Raising the 2020 Family: Your Kids and the Future of Tech

kids tech

As a mother of two budding technophiles, I sometimes get panic attacks imagining the hazards my kids face in the burgeoning digital age. Cyberbullying, stunted social skills, short attention spans, being on-call 24/7…these all pose potentially unhealthy consequences for the next generation.

While my daughter’s Facebook days are a ways off (she is only 5 after all), it’s never too early to start being smart about technology use in the family. Recently, I had the opportunity to attend a panel discussion about the impact of digital media on the modern family. Whether you’re a tech savant or newbie, when it comes to kids, it turns out we all have a lot to learn.

Corral Your Kids’ Media Consumption

While your teen might truly believe texting her friend is a matter of life and death, parents need to set limits on technology and media use.

“Electronic media can be so seductive,” said Dr. Alan Greene, columnist for Parenting magazine and author of Feeding Baby Green. “Parents need to make time for other fun things.”

While Dr. Greene is a proponent of the great outdoors, quality family time doesn’t mean you have to shun all technology-based media. Games like Zombie Run and Wii Play allow families to have fun together while incorporating physical activity.

For younger children, panelist Katie Chin, cookbook author and food blogger, views technology as a privilege to be earned. Chin awards points to her 5-year-old twins for completing certain tasks. Getting themselves dressed, for example, could be worth one point that might translate to five minutes on the iPad.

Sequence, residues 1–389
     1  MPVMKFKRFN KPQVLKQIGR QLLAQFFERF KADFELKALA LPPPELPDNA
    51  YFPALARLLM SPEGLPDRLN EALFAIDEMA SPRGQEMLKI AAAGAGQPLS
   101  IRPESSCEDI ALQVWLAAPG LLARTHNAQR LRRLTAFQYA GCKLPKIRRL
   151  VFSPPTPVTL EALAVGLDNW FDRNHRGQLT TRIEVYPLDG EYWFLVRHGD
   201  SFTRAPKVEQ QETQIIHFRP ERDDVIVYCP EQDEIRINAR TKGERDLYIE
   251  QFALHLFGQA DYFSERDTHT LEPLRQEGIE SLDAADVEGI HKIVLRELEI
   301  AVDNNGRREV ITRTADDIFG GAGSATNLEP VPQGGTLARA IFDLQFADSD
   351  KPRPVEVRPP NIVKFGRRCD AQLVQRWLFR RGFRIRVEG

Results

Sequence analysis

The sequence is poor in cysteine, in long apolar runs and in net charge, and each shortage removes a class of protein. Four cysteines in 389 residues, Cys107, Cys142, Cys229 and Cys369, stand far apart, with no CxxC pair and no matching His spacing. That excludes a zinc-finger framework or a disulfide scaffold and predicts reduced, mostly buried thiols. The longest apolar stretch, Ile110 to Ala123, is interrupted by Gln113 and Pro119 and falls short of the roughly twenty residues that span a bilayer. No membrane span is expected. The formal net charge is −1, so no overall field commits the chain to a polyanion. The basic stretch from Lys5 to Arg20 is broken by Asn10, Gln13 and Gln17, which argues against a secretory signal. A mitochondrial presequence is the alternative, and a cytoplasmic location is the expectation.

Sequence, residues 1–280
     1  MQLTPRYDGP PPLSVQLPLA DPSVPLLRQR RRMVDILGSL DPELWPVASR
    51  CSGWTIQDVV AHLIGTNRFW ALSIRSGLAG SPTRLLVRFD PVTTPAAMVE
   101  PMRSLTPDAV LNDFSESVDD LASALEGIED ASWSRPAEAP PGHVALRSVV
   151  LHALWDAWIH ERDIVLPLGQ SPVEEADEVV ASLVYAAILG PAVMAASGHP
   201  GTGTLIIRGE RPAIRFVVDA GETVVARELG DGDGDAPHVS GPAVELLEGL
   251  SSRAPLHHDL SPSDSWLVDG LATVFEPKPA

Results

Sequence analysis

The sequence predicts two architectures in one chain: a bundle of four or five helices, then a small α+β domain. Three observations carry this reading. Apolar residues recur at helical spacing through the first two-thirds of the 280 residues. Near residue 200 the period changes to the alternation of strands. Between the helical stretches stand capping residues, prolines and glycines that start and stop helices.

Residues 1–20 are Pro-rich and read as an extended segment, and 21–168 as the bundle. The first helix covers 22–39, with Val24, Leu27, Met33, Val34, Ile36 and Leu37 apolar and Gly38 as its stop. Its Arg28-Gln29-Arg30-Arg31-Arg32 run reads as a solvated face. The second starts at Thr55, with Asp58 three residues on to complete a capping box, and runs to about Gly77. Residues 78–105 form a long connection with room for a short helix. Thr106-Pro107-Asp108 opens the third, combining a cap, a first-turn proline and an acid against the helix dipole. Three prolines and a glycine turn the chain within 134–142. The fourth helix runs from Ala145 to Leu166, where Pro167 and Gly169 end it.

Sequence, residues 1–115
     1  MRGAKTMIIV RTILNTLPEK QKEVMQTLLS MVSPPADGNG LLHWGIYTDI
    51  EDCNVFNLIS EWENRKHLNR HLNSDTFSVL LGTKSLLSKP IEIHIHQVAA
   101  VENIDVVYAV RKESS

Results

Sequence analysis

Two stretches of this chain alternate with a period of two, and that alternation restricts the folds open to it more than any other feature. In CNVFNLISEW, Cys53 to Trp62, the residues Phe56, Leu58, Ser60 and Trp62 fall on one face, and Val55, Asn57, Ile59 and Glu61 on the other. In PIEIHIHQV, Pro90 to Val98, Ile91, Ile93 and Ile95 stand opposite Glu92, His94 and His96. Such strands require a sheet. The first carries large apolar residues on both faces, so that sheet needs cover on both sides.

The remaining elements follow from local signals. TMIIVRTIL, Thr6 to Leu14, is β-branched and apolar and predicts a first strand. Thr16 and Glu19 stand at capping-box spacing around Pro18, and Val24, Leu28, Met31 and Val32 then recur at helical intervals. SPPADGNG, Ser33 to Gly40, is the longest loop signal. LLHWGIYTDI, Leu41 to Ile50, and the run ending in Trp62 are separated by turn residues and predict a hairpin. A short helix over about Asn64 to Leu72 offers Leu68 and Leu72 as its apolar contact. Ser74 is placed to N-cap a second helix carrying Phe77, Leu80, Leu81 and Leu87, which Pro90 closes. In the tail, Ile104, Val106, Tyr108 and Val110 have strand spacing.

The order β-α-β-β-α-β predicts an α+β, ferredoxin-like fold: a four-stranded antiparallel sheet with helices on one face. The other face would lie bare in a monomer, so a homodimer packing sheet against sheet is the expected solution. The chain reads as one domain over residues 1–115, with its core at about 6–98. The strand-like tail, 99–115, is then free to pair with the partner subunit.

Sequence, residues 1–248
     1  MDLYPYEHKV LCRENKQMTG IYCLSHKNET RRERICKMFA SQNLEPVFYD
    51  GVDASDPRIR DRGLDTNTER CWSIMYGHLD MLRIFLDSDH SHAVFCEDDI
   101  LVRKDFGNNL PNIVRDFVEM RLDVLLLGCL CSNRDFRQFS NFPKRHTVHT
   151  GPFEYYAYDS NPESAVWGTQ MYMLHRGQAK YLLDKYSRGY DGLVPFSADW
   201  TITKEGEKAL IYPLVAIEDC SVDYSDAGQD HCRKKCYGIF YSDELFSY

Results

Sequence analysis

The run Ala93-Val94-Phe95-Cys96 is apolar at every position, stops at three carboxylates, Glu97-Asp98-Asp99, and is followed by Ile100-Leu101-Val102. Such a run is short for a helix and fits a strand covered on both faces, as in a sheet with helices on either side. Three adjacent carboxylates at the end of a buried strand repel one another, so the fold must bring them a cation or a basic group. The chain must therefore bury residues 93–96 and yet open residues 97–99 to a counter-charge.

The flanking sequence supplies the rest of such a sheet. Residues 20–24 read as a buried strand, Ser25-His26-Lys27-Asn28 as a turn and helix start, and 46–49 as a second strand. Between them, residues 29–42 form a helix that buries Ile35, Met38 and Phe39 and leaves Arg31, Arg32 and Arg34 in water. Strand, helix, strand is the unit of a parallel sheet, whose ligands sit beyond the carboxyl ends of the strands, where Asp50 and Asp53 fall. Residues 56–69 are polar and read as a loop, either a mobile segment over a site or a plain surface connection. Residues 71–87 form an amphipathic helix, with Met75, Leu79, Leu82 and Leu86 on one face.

Establish a Family Media Plan
The panelists all stressed the importance of creating a family media plan to set limits on technology use. Most significantly, parents should enforce electronic curfews at night, particularly since poor sleep patterns are a very real problem for many families, according to Dr. Greene.

Dr. Tanya Altmann, spokesperson for the American Academy of Pediatricians and child health expert for numerous talk shows, said it’s not enough to limit quantity: the quality of the technology consumed is equally important; parents should aim to include educational media, too.

Keeping Kids Safe
With rising concerns about cyberbullying, parents need to be hyper vigilant about monitoring their kids’ tech use. Dr. Altmann recommends keeping a hard wired computer in a central location of the home. She also advocates having a family cell phone that must be relinquished each night.

“Kids will outsmart us. Ultimately it’s our responsibility as parents” to monitor them, said Chin.

That monitoring should extend to your child’s friends, too. Before a sleepover, Dr. Altmann has a laundry list of questions for the parents of her kids’ friends. Questions include asking if there is a dog in the house, a gun, or easily accessed medications, as well as determining who will watch the kids and monitor their media consumption. This likely won’t make you very popular, but Altmann tells parents they can offset their childrens’ ire and blame it on the pediatrician.

“You have to go out a limb and be the uncool parent,” said Chin.

Makes sense. After all, parenting isn’t a popularity contest.

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